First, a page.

How Landlords Can Identify Potentially Dangerous Conditions - dummies

How Landlords Can Identify Potentially Dangerous Conditions

By Robert S. Griswold, Laurence Harmon

As a landlord, you can’t address safety hazards unless you know about them. There are two ways to identify potentially dangerous conditions: by having residents notify you of any safety concerns and by conducting regular safety inspections.

Encourage residents to report safety concerns

Your residents may notice a safety hazard before you do, so encourage them to report any potential or actual safety concerns immediately. Consider posting a sign in common areas that includes an email address and a phone number to call. You may also want to remind residents every six months by sending them a form they can complete and submit to report any health or safety concerns they notice.

You can’t monitor your rental property 24/7, so enlist the help of your residents, respond promptly to any concerns they raise, and thank them for helping you keep your property reasonably safe. By expressing your dedication to resident safety, you’re likely to improve your retention rate in addition to preventing costly accidents and lawsuits.

Conduct regular safety inspections

Don’t rely solely on residents to report safety issues they notice. If there is no legal prohibition against it, be proactive by conducting regular safety inspections.

Inspecting rental units

Whenever a resident moves out, inspect the property for any of the following signs of a potential safety hazard:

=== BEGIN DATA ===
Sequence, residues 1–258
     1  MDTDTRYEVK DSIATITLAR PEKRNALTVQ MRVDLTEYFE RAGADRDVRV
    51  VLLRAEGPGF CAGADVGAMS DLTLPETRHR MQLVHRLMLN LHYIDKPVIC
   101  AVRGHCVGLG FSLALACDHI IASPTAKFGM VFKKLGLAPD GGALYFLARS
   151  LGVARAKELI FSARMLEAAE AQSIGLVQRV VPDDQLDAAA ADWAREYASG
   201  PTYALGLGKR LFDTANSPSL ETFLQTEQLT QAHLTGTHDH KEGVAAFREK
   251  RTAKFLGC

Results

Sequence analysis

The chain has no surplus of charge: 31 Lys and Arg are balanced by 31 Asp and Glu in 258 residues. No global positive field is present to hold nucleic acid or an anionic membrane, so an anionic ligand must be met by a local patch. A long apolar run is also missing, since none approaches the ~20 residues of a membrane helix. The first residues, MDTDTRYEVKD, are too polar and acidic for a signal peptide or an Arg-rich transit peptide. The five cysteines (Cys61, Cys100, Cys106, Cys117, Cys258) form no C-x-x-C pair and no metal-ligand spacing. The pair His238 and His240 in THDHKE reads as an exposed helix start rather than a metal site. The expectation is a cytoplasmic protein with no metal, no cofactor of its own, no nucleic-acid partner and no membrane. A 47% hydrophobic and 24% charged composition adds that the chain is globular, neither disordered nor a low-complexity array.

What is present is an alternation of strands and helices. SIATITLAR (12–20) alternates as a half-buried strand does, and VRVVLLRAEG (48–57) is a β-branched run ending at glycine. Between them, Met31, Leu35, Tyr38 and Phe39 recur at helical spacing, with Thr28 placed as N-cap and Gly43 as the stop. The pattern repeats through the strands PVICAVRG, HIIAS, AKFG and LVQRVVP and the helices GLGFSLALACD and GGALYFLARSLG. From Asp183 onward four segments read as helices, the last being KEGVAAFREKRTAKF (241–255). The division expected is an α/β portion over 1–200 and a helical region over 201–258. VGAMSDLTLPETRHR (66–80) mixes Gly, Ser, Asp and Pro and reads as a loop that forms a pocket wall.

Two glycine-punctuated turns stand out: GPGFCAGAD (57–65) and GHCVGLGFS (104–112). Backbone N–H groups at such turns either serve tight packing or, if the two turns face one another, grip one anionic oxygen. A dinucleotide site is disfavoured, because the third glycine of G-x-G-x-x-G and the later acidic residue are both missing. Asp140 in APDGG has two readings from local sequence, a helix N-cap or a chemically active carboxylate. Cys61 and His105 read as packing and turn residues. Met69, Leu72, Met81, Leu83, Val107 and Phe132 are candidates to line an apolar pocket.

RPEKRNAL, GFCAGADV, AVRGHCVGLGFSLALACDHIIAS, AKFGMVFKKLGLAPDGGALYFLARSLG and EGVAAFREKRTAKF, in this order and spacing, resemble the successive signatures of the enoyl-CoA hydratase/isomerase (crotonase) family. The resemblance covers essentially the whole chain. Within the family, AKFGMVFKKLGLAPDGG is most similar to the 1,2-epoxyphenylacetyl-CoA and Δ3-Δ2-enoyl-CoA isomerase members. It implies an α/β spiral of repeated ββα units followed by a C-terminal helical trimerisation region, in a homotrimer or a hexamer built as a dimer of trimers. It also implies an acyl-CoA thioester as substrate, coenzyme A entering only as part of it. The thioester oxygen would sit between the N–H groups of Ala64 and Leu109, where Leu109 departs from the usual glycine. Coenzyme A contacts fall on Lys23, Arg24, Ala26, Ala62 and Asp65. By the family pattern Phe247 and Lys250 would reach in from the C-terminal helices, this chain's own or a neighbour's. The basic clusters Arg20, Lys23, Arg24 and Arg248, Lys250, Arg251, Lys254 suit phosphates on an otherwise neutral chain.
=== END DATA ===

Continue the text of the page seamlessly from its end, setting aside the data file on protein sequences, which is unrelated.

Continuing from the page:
• Blackened, scorched, or loose outlets or light fixtures, which may indicate an electrical problem

  • Damaged carpet or uneven floors that could trip residents

  • Loose stairs or handrails

  • Smoke detectors and carbon monoxide detectors that don’t work

  • Fire extinguishers that have lost their charge

  • Extinguished pilot lights in gas appliances, including furnace, water heater, and gas range

  • Broken glass or loose materials that could cause cuts, punctures, or other injuries

  • Overly hot water that could scald residents, especially children, the disabled, and older adults

  • Standard outlets in bathrooms and around the kitchen sink that really should have ground fault interrupters to protect against electric shock

We reiterate: Enlist the support of residents in keeping your rental property safe. Encourage them to notify you immediately of any safety issues that arise within their rental units or anywhere on the property.

Inspecting common areas

At least annually, inspect your property to identify potential safety issues. Here are some areas to focus on:

  • Inadequate lighting or burned-out lights

  • Sick, dying, or damaged trees or tree limbs or limbs close to power lines

  • Stairwells and railings (check all railings to see whether they’re loose)

  • Uneven pavement or sidewalks due to cracks, expansion, or settling

  • Deep holes or depressions in the ground

  • Fences and gates, especially around any swimming pool, spa, or hot tub

  • Cracked tiles or other defects around the pool, spa, or hot tub

  • Flammable materials, such as boxes or stacks of newspapers on patios or on or under stairs

  • Windows without insect screens, window locks, or other devices to prevent someone from coming in

  • Decks or patios pulling away from the building

  • Smoke alarms, fire alarms, fire extinguishers, or fire hoses, if any

  • Smell of natural gas, which may indicate a gas leak

  • Breaker boxes for any burned or scorched surfaces that may indicate electrical problems

  • Exposed wires that may cause electric shock or electrocution